An item earlier this week quoted several analysts who think Lucent (LU) is overvalued based on its fundamentals. Here's a different twist on the same story: Either Lucent is overvalued or Northern Telecom (NT) is undervalued. They're both the closest thing the other one has to a direct competitor, and they're both projecting similar earnings growth rates. Yet Lucent trades at roughly 45 times trailing earnings compared with 25 times for Nortel (accounting for takeover charges).
Why the discrepancy?
Other than the fact that Nortel has a lousy reputation on Wall Street after bagging analysts a few months ago, and other than the fact that Lucent has done a far better job putting a positive spin on negative news, and other than fact that Nortel is simply a name people don't want to hear -- nothing. In fact, "I would say Nortel has better long-term prospects if you look at its product lines," says Truc Do, an analyst at
, who ranks Nortel a strong buy; his firm ranks Lucent a mere buy.
Both companies actually traded at fairly similar multiples when Lucent was spun off by
two years ago. The trouble, and the spread, started early last year when Nortel's international market, which accounts for 40% of revs, started to slide. Lucent had much smaller overseas exposure, and it received an added boost from its wireless business.
Then, any ounce of credibility Nortel had was shot to pieces at an analyst meeting Sept. 29, when an otherwise impressive presentation in terms of products was botched by the CFO's clumsy attempt to downplay that the company's second-half revenue growth wouldn't be what Wall Street expected. (Sure enough, it wasn't.) "It created big confusion," says Do, who used to work at
before it became part of Lucent.
However, Nortel has a new CFO, and several analysts believe the company is actually better positioned than Lucent going forward, especially in broadband technology. (Lots of disagreement over that issue; don't forget, Lucent is acquiring
to forge into data networking.) Do believes Nortel's 10-gigabit-per-second "transport system" for carrying voice and data over the Internet will show rapid growth, while Lucent's mainstay wireless biz will mature. "Broadband has good growth left in it for several years," he says.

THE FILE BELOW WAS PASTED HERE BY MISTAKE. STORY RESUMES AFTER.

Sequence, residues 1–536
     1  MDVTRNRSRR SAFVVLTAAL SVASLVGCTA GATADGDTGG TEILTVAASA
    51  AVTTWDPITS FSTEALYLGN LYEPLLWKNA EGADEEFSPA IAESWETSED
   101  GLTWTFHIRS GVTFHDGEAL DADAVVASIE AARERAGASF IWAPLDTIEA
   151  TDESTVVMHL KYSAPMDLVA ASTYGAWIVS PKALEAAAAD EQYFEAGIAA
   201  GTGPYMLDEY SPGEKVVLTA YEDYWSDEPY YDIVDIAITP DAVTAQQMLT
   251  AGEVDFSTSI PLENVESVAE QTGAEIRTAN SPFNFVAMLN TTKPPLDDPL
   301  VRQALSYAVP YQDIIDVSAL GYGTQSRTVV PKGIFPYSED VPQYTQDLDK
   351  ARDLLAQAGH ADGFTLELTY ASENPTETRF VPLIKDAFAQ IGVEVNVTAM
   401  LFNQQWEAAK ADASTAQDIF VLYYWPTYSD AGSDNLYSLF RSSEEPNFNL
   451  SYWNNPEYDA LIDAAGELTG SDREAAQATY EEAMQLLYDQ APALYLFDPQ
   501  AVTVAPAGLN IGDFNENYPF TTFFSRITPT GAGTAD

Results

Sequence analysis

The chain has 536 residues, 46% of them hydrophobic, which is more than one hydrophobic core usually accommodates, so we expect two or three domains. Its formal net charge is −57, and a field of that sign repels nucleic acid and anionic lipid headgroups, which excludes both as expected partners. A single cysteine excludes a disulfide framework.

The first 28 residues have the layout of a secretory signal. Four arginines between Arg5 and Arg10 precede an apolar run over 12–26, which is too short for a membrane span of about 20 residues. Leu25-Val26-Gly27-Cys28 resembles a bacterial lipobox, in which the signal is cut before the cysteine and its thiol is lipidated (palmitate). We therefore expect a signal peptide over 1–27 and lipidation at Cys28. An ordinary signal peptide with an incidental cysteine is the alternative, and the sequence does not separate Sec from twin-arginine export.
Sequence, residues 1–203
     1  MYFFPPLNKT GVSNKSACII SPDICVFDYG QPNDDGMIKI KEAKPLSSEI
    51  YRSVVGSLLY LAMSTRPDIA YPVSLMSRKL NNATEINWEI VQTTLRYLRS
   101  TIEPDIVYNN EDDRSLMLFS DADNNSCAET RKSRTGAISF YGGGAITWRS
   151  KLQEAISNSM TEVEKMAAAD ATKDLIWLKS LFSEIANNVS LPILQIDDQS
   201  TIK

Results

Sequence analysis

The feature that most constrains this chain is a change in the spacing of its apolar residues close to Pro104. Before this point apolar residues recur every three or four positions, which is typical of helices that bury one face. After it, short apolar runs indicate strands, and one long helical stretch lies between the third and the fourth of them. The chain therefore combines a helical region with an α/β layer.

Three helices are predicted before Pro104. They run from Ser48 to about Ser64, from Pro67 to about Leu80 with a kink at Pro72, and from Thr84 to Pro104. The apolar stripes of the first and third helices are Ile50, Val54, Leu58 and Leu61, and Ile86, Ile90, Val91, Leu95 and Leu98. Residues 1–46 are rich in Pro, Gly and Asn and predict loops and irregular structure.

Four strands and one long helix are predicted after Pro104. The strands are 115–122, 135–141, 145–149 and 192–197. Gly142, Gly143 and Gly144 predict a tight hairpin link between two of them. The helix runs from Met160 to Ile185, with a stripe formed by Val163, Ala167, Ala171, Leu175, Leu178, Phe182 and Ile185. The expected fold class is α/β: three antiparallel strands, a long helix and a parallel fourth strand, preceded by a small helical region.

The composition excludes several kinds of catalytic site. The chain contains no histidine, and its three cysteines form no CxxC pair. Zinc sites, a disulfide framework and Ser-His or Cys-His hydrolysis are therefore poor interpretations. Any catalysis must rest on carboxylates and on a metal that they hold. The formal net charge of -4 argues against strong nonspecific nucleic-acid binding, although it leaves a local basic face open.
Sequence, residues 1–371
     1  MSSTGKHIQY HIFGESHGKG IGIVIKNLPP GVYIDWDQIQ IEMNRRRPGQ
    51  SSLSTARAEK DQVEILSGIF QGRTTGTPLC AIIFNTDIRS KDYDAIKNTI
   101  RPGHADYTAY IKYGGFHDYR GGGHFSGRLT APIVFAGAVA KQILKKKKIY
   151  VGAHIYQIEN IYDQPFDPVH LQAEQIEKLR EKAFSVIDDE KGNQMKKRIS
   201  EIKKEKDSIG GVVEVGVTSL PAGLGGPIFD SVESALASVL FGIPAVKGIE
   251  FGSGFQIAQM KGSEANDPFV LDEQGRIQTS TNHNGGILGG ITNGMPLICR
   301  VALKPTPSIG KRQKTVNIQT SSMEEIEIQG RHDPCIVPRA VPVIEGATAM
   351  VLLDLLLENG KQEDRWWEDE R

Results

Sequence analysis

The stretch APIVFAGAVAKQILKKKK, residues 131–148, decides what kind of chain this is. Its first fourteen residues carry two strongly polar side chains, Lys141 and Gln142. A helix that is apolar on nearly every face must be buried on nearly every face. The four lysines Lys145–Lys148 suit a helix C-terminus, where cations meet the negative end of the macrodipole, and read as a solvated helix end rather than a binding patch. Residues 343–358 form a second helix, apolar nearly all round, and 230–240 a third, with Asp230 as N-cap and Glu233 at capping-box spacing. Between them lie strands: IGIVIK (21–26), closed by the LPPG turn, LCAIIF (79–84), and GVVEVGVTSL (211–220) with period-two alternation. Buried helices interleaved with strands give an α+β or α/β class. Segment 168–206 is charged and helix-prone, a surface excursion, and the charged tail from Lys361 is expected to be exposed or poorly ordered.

Meanwhile, last quarter, Nortel's days outstanding of receivables dropped to 90 days from 100, while Lucent's rose to more than 100 from 90.
Lucent, however, has one thing Nortel doesn't have: the smooth salesmanship of CEO Rich McGinn. Nortel President John Roth is an engineer. "But he's an operating guy with technology-savvy outlook," Do says.
Perhaps, but right now sizzle sells over substance.
Day traders trounced?:
Just a thought, but wouldn't it be interesting if a big part of the market's murkiness in recent days was the result, in part, of day traders' getting caught holding the bag with the likes of
? What if they were heavily leveraged and bought it, expecting to flip it above the offering price of 170, only to watch it sink to 148? Again, just a -- ahem -- thought.
The name game:
, the topic of plenty of Wall Street controversy, disclosing earlier this week that it'll have to restate its earnings. And there's
, the subject of an equal amount of
controversy. What do they have in common? Blue Rhino's CEO goes by the first name "Billy" and AgriBioTech's CEO goes by the name "Johnny."
Moral: Do you really wanna invest in companies run by CEOs who go by kid nicknames?
Herb Greenberg writes daily for TheStreet.com. In keeping with the editorial policy of TSC, he does not own or short individual stocks. He also does not invest in hedge funds or any other private investment partnerships. He welcomes your feedback at firstname.lastname@example.org. Greenberg writes a monthly column for Fortune and provides daily commentary for CNBC.